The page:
Volvo has a change coming this decade. And it may be even more of a shock than converting to 100% electric powertrains by 2030. Volvo has used minimalist alphanumeric nomenclature for its cars throughout its existence. The big radical shift came in the 1990s when Volvo switched from three-digit (Volvo 240) to the current letter plus two-digit (S60, V90) labeling.

According to Autocar, however, Volvo is plotting a “new beginning” for its conversion to EVs with “emotional” names. Volvo CEO Håkan Samuelsson told them the successor to the XC90 would have a “name, like a child” and the practice would continue moving forward.

“We’re talking about a totally new architecture, a new-generation of born-electric, all-electric cars with central computing,” Samuelsson told Autocar. “It’s good and clear to mark that this is a new beginning, and that’s why we’re not going to have numbers and letters, an engineering type of name. We’re going to give them a name as you give a newborn child a name.”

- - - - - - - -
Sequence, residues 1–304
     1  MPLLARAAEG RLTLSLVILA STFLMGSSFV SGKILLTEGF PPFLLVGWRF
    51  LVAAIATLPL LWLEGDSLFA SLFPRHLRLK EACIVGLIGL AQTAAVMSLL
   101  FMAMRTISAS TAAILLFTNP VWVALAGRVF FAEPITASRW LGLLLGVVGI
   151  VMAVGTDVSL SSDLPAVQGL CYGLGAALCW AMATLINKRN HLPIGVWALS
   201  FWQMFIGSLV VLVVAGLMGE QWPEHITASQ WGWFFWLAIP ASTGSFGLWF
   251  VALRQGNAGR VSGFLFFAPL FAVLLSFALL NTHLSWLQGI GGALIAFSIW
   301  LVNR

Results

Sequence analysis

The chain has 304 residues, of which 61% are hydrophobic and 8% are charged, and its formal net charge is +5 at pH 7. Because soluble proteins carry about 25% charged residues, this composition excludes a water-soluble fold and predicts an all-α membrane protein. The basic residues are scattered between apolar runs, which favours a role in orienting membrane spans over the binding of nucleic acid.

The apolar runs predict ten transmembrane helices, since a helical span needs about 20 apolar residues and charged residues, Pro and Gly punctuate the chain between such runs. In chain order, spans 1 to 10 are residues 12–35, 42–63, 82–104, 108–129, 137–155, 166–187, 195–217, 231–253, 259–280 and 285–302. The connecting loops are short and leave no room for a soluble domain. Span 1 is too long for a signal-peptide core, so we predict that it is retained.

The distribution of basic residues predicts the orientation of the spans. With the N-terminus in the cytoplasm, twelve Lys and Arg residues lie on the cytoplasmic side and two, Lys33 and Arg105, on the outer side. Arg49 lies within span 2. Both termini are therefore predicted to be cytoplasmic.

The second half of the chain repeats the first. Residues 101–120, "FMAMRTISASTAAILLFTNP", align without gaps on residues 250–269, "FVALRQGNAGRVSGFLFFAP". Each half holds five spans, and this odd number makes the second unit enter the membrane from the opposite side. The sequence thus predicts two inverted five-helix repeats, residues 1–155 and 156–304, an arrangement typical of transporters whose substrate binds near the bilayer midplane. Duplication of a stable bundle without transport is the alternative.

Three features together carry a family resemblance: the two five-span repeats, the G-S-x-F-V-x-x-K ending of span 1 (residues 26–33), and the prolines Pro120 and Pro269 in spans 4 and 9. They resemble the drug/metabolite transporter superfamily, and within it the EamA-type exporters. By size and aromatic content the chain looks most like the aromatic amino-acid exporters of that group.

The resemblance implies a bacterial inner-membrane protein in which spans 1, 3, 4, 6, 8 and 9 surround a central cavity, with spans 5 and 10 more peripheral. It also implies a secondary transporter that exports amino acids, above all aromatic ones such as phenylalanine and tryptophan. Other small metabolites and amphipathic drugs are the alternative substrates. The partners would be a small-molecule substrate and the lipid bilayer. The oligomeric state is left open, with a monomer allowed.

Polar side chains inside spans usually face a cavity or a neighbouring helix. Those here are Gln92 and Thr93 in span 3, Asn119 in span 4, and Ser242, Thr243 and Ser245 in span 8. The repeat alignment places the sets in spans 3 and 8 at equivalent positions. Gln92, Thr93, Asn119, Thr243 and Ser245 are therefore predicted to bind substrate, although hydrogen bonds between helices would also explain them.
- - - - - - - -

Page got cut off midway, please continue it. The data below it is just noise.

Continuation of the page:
Volvo is moving counter to the prevailing trend. Manufacturers that use model names like Volkswagen with the ID.4, Hyundai with the Ioniq 5 and Kia with the EV6 have all gone alphanumeric for EVs to highlight the engineering involved. And BMW and Mercedes have incorporated their new EVs within their existing nomenclature.

However, Volvo’s departure from tradition may prove fitting. Volvo is a flashier, more luxurious brand than it once was, and it’s poised to move even further upmarket. And they are going to be focused on selling vehicles in new markets like China. Cadillac, attempting a similar trick with its own EV conversion, is moving vehicles back to model names too. Escalade sounds a bit more premium than XT8.

Of course, even if the decision to switch to model names is correct, you still have to come up with good ones, which is a potential pitfall that alphanumeric nomenclature eliminates.

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